Chow Chow and Shar Pei

Shar Pei pupShar Pei pup

The common Chinese origin of the Chow Chow and Shar Pei is indisputable. But the Chow Chow has enjoyed a continuous development as a pure breed whereas the Shar Pei did not. Additionally the difference in coat suggests the Chow Chow originally probably developed in the cold North and Western parts of China with a connection with the Esquimaux Dog whereby the Shar Pei developed in the warmer southern regions. But they do make an interesting comparison!

History of the Chow Chow

Grave Statue c 200 ADGrave Statue c 200 AD

The now extinct prehistoric dog-like mammal the 'Simicyon', appears to have influenced Chinese breeds to have have broad skulls and wide mouths[7], as seen in the development of the Shih Tzu, Lhasa Apso and Tibetan Terrier and Asian Toy breeds. Perhaps this "Pei' dog influenced the transition of the early Esquimaux dog to produce dogs of Chow type in China which looked like the ancient Grave Statue pictured on the left. For centuries, the Chow Chow was:

Chow Chows c 1907Chow Chows c 1907

"... a good second to his master in the operation of capture. Ever distrustful of strangers, he is the faithful guardian of his village, wakeful and noisy at night, sleepy and persecuted during the day. He is brave in the defence of his home, keen of nose, and untiring in the chase, though sorely oppressed by the warmness of his heavy coat, necessary as a protection against the thorns and prickly creepers which tangle his native thickets. His powers of scent are used today in the capture of birds for the table, just as, in all probability, before the European bird-dog was invented"[1a]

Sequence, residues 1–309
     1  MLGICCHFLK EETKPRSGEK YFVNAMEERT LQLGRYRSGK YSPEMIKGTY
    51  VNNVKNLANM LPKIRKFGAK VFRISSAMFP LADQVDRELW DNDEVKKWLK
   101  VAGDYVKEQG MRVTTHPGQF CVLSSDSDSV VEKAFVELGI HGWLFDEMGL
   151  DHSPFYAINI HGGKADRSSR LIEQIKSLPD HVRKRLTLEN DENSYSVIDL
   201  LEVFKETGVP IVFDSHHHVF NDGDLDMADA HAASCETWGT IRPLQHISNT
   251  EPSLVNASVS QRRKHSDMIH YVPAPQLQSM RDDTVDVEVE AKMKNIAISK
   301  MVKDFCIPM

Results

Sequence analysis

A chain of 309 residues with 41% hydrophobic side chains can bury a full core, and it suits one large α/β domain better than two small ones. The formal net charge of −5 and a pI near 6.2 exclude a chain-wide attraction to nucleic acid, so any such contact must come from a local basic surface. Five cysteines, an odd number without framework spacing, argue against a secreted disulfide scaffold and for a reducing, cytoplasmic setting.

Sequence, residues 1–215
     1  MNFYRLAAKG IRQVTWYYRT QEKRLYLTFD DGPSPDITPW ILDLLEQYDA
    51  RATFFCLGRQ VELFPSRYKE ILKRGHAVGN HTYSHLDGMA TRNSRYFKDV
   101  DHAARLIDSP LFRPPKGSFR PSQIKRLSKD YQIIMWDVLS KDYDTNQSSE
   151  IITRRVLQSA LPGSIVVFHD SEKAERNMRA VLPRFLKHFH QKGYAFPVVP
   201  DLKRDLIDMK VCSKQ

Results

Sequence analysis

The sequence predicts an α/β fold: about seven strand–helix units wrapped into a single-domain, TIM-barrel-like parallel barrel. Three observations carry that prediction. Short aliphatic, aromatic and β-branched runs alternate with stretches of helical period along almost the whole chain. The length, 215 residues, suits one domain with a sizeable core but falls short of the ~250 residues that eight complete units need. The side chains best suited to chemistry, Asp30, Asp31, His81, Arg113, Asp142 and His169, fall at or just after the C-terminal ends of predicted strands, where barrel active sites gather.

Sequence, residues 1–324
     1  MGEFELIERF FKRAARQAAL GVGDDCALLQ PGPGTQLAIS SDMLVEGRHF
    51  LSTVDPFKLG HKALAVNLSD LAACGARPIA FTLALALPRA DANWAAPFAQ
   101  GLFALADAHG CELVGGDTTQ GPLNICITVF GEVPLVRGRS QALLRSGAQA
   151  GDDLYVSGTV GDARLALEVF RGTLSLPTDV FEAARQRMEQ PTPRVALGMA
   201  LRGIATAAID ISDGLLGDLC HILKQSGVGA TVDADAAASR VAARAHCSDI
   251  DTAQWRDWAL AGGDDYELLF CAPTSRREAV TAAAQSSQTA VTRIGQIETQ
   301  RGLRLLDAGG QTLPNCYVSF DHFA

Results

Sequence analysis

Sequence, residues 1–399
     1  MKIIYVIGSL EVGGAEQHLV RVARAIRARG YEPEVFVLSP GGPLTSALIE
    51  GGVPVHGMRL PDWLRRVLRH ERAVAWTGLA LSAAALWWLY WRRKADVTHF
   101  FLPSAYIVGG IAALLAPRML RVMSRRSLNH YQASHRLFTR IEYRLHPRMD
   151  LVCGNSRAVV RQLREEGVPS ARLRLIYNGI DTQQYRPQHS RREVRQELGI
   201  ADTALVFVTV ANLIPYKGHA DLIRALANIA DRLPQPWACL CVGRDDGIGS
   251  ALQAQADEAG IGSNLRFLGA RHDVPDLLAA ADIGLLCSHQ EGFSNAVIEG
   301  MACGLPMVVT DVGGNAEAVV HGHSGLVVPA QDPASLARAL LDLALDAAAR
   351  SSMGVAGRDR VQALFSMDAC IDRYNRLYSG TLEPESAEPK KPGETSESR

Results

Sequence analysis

Because the name 'Chow' in modern language is usually associated with food, there is a perception that this dog was primarily bred for human consumption. Although many centuries ago this may have occurred, it is more likely that the name Chow Chow originated from "pidgin" English which was the language of trade used in Chinese ports in the early 1700's to describe anything that was traded especially spices like ginger[1].

The Chow Chow becomes a Pure Breed

Chow Chow puppyChow Chow puppy

By the late 1700's the Chow Chow had become known as an all-purpose type of dog commonly seen roaming not only around the streets of the cities, and also throughout the countryside. In 1790 the Chow Chow was first brought to England by the East India Trading Company. In 1802 White wrote the following description:

"... they are about the size of a moderate spaniel; of a pale yellow colour, with coarse bristling hairs on their backs; sharp upright ears and peaked heads, which give them a very fox like appearance. Their hind-legs are unusually straight, without any bend at the hock or ham, to such a degree as to give them an awkward gait when they trot. When they are in motion their tails are curved high over their backs like those of some hounds, and have a bare place on the outside from the tip midway, that does not seem to be matter of accident but somewhat singular. Their eyes are jet-black, small and piercing ; the insides of their lips and mouths of the same colour, and their tongue blue.... These dogs bark much, in a short, thick manner, like foxes, and have a surly, savage demeanour, like their ancestors... " [1a] 

Chow Chow c 1880Chow Chow c 1880

In 1828 the London Zoo acquired some as a curiosity. Despite records of being exhibited at Birmingham and other Shows, it would be 1894 before the Kennel Club (UK) finally recognised them. From the earliest times the Chow came in both rough and smooth coats. Both coats displayed the characteristic 'Scowl' the first description of which was 'loose skin on the forehead accentuated by slight differences in pigmentation'.[2] 

History of the Shar Pei

Shar Pei Grave Statue c 1700Shar Pei Grave Statue c 1700

Statues of wrinkled dogs like the one pictured bearing a strong resemblance to the Shar Pei date back to the Han Dynasty (c 200 BC). Others have been discovered in Tai Li, a small village in the Southern Province of Kwantung, which borders the South China Sea. More recently a 13th Century Chinese manuscript refers to a wrinkled dog. The name 'Shar Pei' literally means 'sand skin', referring to the roughness and shortness of the coat[8].

The Shar Pei becomes a Pure Breed